The secrets behind the Delta Wing

Indycar

Fans of the Delta Wing know that designer Ben Bowlby is a big fan of ‘Boundary Layer Adhesion Technology’, or BLAT, which is a feature of the wingless Delta Wing’s aerodynamic package.

BLAT was invented in 1980 and ‘81 by Dan Gurney and All American Racers engineers John Ward and Trevor Harris who developed the unique Eagle Indycars of those days. Mike Mosley qualified AAR’s ‘81 Eagle-Chevy in the middle of the front row at Indianapolis that year, then scored a stunning victory on the Milwaukee Mile the following weekend after coming through the field from the back of the grid to win as he pleased by over a lap.

“Mike just picked ‘em off one at a time,” Gurney recalls. “He passed them on the inside or the outside. It was a phenomenal display and really, on that day, we had no challenge. We were mighty stoked. Milwaukee was something you don’t see very often. That was a very memorable win.”

Later that year Rocky Moran led the CART race at Watkins Glen aboard AAR’s Eagle-Chevy before a refuelling gaffe and Geoff Brabham drove the car at Riverside, qualifying on the pole and running away with the race until a wheel nut was cross-threaded during a pit stop.

The BLAT Eagle-Chevy is Dan’s favourite Eagle because it represents everything that he and All American Racers always stood for. The car was completely different from conventional thinking, highly innovative in a number of ways and the maverick Eagle-Chevy package was entirely competitive with, and sometimes a good deal better than, the turbo Cosworth-powered opposition in 1981. The ultimate compliment to its success was that it was banned!

Most CART teams ran turbocharged Cosworth DFX V8s in those days but AAR typically went a different route developing its own normally aspirated Chevrolet stock-block engines built around Donovan aluminium blocks. The Eagle chassis was completely unlike the other top cars of the time from Penske, Chaparral, Coyote, March, Wildcat and Phoenix. Everyone else was in the midst of developing classic, ground-effect cars based on the Lotus 79 concept with underwings or ‘tunnels’ creating a low pressure area under the car. The basic concept remains true today.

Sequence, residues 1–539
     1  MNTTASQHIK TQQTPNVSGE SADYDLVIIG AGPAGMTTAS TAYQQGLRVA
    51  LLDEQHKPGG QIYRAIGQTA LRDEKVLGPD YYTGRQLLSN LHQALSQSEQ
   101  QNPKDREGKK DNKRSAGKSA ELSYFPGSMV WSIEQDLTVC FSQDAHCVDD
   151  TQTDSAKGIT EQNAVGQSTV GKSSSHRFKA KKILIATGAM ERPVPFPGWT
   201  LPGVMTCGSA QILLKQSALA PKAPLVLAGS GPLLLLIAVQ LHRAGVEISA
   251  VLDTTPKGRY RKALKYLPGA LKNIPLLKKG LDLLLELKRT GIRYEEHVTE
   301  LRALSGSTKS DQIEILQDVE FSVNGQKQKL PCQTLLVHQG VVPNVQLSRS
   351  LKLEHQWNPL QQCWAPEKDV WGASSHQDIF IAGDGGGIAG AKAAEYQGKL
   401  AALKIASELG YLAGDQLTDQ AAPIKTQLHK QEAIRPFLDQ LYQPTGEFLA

But AAR found a different way to create downforce and Gurney, Ward (above) and Harris produced a car that was at least as effective as the traditional ground-effect cars. The idea had also been employed with Harris’s championship-winning Frissbee CanAm car raced by Al Unser Sr and Jr in 1980 and ‘81. Compared to its competitors the BLAT Eagle presented a very different nose to the wind and also enjoyed a strikingly different overall shape. Instead of ducting air underneath the car into an enclosed venturi or underwing in the traditional ground-effect method, the BLAT concept generated twin vortexes through its underbody and the trailing edge of the rear bodywork, aided by a very efficient exhaust cooling system. The routing of the engine exhaust system added further energy and downforce to the airflow, and variants of this concept have been used off and on in Formula 1.

The Eagle’s success prompted other top teams like Penske and Truesports to build experimental Chevy-powered cars. Suggestions were made that it would become necessary to have turbo engines for ovals and stock-blocks for road courses, therefore pushing up costs. Eventually, CART solved what they perceived as a problem by writing first the BLAT aero concept and then stock-block engines out of the rulebook.

Gurney and many others regard that ruling as the beginning of the road to the arrival of the spec car plague in Indycar racing. From then on the layout of an Indycar, including the aerodynamic package, was essentially defined by the rulebook. Of course, F1 has gone in a similar direction, strictly defining for many years the general parameters of chassis, aerodynamics and engine design.

“It put a huge damper on creativity and what I think the fans want to see, and still would love to see today,” Dan remarks. “But it didn’t matter. A few powerful guys knew it was good for them. They didn’t care what was good for the sport. All the creativity that went into that car and engine package was wiped out because it was too good. They said we don’t want to go down your path and build cars and engines like that. We want to go down our path, and we have the power to make the rules.”

Thirty years later the BLAT concept has been reborn as a component of the Delta Wing. “We’ve adapted the area, ratio and vortex-spilling side profile of the ‘81 Pepsi Challenger to the Delta Wing,” Ben Bowlby commented. “The car pulled the best numbers we’d seen in the first run with the BLAT stuff with the car running at high ride height. At low ride height it wasn’t as efficient but it had a lovely characteristic inasmuch as the downforce increased as the car rose higher off the road and when the car was car going through the corners at lower speed it was making the maximum downforce.

“And it had a fantastic nose-up, anti-lift characteristic because the power of the vortexes maintained the forward downforce if you did have a nose-up excursion, which Michael Krumm proved when he launched the car off a kerb in practice at Le Mans.

“Following the BLAT path was a great way to go,” Bowlby added, “and a great homily to the genius of Dan Gurney, Trevor Harris, John Ward and their team of people who did this 30 years ago only to have it banned for being too good an idea. So it’s very fitting that the BLAT concept has a new lease of life on the Delta Wing. Dan and his people take great satisfaction from it, and rightfully so.”

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